As fans mourned via tweeted jokes late Thursday and into Friday morning after something new from Kanye West failed to appear on streaming services, those in Detroit instead prepped to catch him in person by way of a not-held-on-Sunday edition of his Sunday Service experiment.

Tickets for the Detroit edition, which notably occurred the same day Jesus Is King was initially presumed by some to begin its existence, ran fans just $0.00 and were released via Ticketmaster on Thursday. The gathering itself was staged at the Aretha Franklin Amphitheatre and featured accompaniment by local choir vocalists and others, with the Detroit Free Press pointing out that an open call for choir participants was launched and later closed earlier this week.

As West explained to David Letterman during a special Netflix interview earlier this year, his controversial-to-some approach to the Sunday Service gatherings was inspired by a desire to return to purity in his work.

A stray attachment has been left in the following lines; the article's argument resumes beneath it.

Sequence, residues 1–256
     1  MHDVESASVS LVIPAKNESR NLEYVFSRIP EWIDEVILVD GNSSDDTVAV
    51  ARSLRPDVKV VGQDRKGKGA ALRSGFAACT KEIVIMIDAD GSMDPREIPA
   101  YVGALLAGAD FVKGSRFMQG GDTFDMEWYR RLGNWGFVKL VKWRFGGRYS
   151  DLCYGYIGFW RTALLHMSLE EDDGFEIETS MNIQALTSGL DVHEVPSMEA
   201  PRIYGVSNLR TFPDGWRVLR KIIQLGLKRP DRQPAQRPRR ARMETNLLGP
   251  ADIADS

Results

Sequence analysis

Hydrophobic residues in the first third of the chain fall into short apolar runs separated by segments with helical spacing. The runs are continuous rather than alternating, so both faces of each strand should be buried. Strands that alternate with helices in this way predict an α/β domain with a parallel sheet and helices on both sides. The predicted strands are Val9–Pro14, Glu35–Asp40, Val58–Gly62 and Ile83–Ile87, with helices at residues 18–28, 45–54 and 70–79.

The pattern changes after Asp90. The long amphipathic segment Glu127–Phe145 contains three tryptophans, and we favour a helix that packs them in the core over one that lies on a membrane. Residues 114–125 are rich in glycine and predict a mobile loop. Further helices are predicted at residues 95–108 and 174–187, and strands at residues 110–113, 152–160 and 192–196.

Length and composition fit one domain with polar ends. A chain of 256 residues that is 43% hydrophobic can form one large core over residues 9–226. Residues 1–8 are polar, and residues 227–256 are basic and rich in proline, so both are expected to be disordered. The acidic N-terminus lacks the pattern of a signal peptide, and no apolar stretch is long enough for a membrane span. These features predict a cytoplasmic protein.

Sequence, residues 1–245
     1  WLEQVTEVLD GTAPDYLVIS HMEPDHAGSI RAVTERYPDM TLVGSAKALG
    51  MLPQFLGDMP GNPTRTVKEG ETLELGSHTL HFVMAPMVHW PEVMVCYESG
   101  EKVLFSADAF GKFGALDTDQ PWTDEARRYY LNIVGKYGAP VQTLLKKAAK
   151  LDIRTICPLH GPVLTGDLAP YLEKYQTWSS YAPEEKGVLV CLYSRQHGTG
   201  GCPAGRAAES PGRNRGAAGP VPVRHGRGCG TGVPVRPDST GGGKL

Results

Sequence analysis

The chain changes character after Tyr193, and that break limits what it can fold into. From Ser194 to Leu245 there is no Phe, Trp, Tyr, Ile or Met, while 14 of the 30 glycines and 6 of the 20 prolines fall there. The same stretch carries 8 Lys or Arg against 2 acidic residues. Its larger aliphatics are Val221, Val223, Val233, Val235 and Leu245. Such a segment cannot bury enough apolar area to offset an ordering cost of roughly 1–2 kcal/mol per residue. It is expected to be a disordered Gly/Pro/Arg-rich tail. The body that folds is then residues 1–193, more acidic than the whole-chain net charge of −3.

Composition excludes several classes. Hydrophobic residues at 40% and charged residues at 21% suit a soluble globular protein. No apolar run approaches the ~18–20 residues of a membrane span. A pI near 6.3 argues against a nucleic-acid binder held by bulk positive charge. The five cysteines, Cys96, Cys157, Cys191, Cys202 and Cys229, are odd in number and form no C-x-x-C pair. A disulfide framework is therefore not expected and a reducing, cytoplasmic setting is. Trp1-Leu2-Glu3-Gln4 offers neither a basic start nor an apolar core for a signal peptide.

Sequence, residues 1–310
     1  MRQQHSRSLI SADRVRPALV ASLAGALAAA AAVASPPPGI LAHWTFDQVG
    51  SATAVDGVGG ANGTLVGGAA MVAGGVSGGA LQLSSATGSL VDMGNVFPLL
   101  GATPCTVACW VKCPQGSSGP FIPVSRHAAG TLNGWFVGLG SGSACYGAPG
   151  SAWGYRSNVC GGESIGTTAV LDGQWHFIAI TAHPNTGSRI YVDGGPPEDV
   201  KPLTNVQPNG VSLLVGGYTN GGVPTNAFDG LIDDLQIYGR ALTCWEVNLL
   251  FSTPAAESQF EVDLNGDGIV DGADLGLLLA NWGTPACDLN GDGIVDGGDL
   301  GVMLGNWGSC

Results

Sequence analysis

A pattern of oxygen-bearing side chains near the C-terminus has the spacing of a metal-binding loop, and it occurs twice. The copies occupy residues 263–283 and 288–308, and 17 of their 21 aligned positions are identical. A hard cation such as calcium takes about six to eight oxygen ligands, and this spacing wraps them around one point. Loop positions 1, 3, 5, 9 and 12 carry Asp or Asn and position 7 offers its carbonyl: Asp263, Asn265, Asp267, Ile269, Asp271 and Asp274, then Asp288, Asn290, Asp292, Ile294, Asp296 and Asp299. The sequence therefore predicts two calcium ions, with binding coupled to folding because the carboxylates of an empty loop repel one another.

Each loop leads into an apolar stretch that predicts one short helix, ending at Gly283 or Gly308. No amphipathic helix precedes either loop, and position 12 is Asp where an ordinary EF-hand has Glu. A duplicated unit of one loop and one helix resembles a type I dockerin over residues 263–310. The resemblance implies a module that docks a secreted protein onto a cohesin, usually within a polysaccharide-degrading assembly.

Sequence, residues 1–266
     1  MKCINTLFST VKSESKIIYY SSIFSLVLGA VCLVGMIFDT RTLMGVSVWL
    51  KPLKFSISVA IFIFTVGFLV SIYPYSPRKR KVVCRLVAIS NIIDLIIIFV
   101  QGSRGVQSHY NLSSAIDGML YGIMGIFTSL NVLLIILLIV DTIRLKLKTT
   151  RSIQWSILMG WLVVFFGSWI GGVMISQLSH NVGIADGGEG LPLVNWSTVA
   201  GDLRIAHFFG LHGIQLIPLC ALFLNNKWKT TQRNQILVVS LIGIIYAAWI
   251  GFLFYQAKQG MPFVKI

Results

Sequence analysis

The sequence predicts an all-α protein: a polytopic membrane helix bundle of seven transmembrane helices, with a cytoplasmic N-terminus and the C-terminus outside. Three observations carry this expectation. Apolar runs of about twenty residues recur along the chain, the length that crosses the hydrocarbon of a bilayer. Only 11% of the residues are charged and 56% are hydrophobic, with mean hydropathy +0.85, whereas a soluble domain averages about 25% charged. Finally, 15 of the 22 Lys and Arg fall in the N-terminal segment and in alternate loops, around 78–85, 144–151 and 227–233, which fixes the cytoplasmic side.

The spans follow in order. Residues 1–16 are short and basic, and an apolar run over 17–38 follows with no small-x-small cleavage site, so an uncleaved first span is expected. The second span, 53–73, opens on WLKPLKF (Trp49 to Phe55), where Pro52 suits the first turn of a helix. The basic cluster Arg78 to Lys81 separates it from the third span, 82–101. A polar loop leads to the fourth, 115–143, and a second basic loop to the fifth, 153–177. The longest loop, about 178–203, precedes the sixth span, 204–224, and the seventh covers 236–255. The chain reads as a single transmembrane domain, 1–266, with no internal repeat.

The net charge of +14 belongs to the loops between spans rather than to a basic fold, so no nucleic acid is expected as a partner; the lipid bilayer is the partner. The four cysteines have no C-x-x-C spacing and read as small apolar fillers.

"We were really light on even giving it a name," he said. "It was just an idea we had to open up our hearts and make music that we felt was as pure and as positive as possible, and just do it for an hour every Sunday and have something where people can come together and feel good with their families."

Experience that from afar via the livestream link below.

As for that album, whatever becomes of Jesus Is King will mark the first solo release from the generational icon since last year's built-on-brevity Ye. While the contents of that seven-tracker arguably amounted to the most underwhelming moments in West's otherwise impenetrable discography, the Kid Cudi collab project he released that same summer—Kids See Ghosts—stands as some of his strongest work to date.

At one point, we were expecting Yandhi to be the Ye follow-up. As well-cataloged fan frustrations can attest, that did not come to pass.